As fire season begins, work continues to reinstate companies with tanker contracts that were cancelled May 10

WASHINGTON, D.C. - The U.S. Forest Service could have the first group of large air tankers back under contract to fight forest fires by the 4th of July, U.S. Congressman Greg Walden said today following a meeting he arranged Thursday afternoon in Washington, D.C. with representatives of the U.S. Forest Service, Federal Aviation Administration (FAA), National Transportation Safety Board and the Bureau of Land Management.

"We're making headway," said Walden, who chairs the Resources Subcommittee on Forests and Forest Health. "The Forest Service and the FAA have given the contractors the criteria they must meet to certify that their planes are airworthy for fighting forest fires. They've hired a company that is already conducting inspections and the first ones could be completed by July 2nd. If those aircraft pass the test, the Forest Service could have a new contract in place within 24 hours."

The meeting was the third arranged by Walden and Rep. John Mica (R-FL), Chairman of the Aviation Subcommittee since the Forest Service canceled contracts with 33 air tankers on May 10, 2004.

Currently four companies contracted by the U.S. Forest Service for air tanker operations during the wildfire season have submitted new engineering reports required for review. These companies account for 20 of the 33 grounded air tankers. Mark Rey, USDA Under Secretary for Resources and Environment, said the Forest Service was reviewing the reports and checking for compliance with the new FAA airworthiness requirements.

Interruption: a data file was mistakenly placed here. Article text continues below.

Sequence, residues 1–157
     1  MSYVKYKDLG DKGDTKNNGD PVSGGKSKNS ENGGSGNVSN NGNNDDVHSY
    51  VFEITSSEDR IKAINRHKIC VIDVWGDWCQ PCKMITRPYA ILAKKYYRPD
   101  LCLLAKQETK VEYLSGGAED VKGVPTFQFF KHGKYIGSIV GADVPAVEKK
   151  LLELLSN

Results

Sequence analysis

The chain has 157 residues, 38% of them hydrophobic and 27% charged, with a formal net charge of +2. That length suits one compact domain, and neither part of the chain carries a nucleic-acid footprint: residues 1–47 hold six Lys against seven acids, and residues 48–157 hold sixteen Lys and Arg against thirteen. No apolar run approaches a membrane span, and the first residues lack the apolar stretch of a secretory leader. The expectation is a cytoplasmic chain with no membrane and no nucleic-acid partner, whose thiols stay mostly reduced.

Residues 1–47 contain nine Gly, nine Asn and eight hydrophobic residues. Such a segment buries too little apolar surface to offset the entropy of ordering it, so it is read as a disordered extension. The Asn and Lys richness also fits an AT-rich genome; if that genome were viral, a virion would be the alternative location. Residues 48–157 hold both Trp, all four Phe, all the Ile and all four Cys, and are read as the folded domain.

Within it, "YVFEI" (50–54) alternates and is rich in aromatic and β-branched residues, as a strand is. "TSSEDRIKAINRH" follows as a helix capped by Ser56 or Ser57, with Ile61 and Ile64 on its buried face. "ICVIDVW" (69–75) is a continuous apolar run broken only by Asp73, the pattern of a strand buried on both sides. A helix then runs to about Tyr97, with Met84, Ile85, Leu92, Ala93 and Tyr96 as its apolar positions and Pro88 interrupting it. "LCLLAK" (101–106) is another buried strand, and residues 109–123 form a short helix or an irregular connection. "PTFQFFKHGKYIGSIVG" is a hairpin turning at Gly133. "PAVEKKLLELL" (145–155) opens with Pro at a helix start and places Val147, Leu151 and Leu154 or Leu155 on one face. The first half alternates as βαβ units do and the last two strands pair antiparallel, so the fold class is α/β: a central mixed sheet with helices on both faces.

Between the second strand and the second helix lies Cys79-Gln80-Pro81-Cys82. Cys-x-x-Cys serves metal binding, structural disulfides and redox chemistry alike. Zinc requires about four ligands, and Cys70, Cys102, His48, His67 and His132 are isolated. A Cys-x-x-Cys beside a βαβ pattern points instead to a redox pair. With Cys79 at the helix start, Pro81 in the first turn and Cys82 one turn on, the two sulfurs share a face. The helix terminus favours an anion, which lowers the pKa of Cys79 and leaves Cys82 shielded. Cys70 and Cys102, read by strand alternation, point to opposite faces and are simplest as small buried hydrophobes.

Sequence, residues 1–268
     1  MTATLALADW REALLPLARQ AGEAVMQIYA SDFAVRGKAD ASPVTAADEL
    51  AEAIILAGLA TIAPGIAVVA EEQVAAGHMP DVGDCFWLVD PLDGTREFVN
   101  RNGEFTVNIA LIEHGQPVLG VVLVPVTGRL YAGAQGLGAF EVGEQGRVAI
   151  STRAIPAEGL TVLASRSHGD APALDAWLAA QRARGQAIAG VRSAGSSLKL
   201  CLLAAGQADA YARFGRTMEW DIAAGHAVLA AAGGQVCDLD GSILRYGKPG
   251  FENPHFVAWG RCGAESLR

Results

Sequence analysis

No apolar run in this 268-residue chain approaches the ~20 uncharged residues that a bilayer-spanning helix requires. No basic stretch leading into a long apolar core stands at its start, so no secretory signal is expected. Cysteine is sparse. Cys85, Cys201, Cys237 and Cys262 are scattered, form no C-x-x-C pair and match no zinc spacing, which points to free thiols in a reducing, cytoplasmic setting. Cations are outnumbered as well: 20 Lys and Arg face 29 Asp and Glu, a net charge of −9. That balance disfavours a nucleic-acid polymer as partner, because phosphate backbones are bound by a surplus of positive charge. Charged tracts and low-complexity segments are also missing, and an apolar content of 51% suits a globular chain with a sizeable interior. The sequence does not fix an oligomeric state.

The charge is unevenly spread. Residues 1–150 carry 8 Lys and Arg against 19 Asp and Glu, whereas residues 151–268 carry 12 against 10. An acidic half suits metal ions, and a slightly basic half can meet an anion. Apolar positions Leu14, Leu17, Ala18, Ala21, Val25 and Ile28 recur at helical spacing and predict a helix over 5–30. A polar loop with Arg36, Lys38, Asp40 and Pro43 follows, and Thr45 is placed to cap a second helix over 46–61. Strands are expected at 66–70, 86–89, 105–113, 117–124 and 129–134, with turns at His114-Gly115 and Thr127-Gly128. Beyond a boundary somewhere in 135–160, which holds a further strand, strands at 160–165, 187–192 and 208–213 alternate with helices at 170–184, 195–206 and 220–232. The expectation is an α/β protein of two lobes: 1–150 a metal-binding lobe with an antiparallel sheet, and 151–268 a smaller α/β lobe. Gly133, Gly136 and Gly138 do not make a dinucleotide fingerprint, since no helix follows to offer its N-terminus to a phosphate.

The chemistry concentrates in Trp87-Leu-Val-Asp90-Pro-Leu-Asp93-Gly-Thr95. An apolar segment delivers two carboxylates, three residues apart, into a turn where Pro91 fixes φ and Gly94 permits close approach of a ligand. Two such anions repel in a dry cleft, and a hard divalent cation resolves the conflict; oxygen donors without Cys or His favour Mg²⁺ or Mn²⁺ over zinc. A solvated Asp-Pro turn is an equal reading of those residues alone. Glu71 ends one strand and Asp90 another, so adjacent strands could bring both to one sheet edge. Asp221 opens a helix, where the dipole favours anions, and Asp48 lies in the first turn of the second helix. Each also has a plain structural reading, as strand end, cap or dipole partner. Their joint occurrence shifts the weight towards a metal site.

Decisions on Aero Union's submittal, one of the contracted companies that first submitted the required paperwork, are expected to be made by the first week in July, with other decisions to follow by mid-July. Once a favorable decision is made, the paperwork to reinstate those approved aircraft can be ready within 24 hours.

Other developments included a new report by the U.S. Forest Service showing that despite the loss of the air tankers, the agency's initial firefighting attack capabilities were as good or better than last year at this time. However, Under Secretary Rey noted that the large air tankers are still an important part of fighting wildfire and are less expensive to deploy.

Subcommittee Chairmen Walden and Mica plan to hold another meeting in mid-July in order to continue oversight of the Departments of the Interior and Agriculture as the scheduled reviews proceed and air tankers are returned to service.

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